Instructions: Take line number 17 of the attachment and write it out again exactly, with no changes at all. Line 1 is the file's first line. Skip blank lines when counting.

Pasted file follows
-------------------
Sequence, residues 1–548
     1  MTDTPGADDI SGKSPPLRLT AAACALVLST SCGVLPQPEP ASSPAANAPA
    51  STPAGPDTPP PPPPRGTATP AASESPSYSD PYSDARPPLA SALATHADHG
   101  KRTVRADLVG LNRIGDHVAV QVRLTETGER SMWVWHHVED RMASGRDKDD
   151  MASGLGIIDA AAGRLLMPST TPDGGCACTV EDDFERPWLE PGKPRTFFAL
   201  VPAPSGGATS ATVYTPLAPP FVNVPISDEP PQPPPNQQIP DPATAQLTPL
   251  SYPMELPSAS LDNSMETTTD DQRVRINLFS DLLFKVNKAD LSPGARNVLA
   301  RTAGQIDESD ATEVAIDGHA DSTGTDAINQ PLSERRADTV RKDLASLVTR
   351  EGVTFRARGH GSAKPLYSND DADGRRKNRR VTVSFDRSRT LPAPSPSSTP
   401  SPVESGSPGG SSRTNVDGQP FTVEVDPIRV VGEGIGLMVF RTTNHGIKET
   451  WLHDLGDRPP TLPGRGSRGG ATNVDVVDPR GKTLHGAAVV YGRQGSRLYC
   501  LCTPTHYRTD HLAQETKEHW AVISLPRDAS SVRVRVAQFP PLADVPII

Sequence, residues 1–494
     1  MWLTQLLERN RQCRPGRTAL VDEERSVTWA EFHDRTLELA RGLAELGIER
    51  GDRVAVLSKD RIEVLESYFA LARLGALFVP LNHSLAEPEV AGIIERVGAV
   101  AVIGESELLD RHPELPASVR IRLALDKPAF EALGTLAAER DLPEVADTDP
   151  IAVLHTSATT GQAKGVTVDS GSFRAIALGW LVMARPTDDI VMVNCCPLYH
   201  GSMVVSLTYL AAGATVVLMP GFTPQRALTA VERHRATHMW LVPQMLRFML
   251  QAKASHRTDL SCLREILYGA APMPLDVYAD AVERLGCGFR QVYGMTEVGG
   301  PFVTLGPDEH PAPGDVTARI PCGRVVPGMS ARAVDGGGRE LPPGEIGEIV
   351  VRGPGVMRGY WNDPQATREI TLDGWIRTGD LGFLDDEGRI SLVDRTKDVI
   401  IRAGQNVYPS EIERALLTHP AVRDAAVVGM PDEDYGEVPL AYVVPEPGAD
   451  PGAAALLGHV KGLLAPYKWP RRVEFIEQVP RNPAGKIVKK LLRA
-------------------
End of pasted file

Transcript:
   151  IAVLHTSATT GQAKGVTVDS GSFRAIALGW LVMARPTDDI VMVNCCPLYH